hard heads soft hearts

a scratch pad for half-formed thoughts by a liberal political junkie who's nobody special. ''Hard Heads, Soft Hearts'' is the title of a book by Princeton economist Alan Blinder, and tends to be a favorite motto of neoliberals, especially liberal economists.

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Friday, November 12, 2004
comment on winds of change:

I was not pro-war, but is defining what failure means all that important in Iraq? Whatever failure is, we can't allow it. There is too much at stake. William Burton early on in the post-war said no one should care whether they were pro or anti war. It simply didn't matter any more. Salam Pax said the same. That said, it probably is important to develop objective measures of the situation in Iraq, but that's somewhat different than developing objective measures of whether invading Iraq was the right decision.

FWIW, here was my take when I read the dismal WSJ report:

Something is not adding up here. After things like the blowing up of 30 children, How is it possible for an average Iraqi to support the insurgents? The New York Times had an article on an Iraqi talk radio station, and without exception every caller said that the insurgents were terrorists, not freedom fighters. The Iraqi bloggers are surprisingly positive, even Salam Pax who was against the war when it started. Young Iraqi men are still lining up to join the Iraqi police and national guard.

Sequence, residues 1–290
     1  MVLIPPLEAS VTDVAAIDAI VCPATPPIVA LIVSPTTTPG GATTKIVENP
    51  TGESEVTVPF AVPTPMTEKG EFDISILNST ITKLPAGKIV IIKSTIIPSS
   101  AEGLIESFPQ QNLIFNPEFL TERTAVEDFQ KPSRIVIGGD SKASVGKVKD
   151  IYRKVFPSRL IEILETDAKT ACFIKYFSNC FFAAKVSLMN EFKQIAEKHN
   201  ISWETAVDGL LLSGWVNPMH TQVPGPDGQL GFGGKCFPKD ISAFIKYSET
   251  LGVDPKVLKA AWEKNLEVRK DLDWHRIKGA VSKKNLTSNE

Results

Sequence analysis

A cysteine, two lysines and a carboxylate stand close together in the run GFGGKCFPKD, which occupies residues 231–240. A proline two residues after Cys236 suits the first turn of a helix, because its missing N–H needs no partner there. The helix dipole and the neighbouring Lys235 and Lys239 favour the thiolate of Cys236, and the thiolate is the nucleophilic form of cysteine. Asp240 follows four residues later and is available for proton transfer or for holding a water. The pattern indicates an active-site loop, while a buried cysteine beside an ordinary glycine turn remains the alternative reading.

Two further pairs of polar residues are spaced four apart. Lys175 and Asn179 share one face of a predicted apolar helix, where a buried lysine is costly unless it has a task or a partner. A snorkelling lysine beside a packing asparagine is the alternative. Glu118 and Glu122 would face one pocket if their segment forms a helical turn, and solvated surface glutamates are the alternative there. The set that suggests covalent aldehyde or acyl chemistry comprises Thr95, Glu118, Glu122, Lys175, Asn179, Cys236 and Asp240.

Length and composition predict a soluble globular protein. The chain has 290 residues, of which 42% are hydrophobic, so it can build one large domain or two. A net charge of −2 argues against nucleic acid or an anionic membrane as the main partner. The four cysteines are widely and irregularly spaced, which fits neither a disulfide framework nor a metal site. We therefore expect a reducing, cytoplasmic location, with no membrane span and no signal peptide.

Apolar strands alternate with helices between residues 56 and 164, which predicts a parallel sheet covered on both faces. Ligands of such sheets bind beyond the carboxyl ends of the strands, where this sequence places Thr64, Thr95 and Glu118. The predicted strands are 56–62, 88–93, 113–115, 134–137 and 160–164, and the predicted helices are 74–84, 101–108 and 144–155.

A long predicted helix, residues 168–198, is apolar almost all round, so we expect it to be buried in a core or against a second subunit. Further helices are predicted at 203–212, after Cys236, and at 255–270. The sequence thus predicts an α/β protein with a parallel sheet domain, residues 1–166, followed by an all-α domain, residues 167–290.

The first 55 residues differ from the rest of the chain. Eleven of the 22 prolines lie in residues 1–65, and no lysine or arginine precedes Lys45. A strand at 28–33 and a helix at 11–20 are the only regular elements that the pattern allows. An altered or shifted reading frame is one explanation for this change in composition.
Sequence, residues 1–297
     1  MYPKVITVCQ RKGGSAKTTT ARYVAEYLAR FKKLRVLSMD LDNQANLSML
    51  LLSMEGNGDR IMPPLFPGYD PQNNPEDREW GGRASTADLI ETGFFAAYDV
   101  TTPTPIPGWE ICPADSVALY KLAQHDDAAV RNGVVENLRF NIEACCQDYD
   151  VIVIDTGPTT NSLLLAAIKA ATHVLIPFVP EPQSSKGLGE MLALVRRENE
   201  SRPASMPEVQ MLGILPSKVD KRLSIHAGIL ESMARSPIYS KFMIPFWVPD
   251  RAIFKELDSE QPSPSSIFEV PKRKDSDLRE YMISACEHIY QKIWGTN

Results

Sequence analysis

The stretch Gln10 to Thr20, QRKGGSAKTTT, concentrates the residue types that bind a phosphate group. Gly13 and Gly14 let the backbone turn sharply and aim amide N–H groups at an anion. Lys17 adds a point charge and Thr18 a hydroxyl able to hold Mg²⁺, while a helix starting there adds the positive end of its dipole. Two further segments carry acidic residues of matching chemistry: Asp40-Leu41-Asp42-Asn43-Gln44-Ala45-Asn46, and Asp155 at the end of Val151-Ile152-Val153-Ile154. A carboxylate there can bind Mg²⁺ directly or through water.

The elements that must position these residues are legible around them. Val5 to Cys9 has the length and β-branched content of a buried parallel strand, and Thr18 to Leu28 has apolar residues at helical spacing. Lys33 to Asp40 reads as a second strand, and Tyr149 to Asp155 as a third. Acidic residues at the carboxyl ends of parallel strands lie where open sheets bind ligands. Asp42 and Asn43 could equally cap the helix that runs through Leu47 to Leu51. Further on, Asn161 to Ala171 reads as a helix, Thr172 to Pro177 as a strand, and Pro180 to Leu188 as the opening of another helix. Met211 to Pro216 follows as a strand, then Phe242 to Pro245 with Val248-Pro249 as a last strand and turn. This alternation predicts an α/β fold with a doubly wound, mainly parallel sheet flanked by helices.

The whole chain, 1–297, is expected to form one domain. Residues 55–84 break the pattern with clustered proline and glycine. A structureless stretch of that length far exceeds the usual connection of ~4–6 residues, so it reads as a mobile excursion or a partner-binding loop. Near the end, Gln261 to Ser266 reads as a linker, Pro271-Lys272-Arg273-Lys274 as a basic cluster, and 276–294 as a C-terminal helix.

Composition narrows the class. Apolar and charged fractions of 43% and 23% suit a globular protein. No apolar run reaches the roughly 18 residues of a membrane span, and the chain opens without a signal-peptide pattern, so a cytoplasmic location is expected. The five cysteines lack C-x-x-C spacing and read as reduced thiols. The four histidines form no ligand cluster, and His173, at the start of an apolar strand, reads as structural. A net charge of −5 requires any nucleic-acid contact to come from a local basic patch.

David Brook's last column was wrong on specifics but right in principle. The first thing we need in Iraq are legitimate Iraqi leaders, trusted by the Iraqi people. The way to get that is to hold elections ASAP. I think the elections should be for 6 month terms only, so any mistakes can be corrected quickly. As for the abysmal security situation precluding holding elections, well the security situation is already FUBAR so how can holding elections make them any worse? At least people will be dying for the cause of democracy, rather than the cause of Alawi.

Once we have legitimate Iraqi leaders in place, then all our military might and and humanitarian efforts has to be deployed in the service of their agenda, not ours.

Whether your goal is to make Iraq a shining example to the rest of the Mideast, or to salvage the best of a bad situation, the path forward seems clear: Find out who the truly legitimate leaders in Iraq are, and then give them all the principled help we can in order to help them achieve their legitimate goals in service of the Iraqi people. Which makes you wonder why the Administration has spent the last 18 months trying to install puppets, rather than trying to find legitimate, trusted Iraqi leaders.

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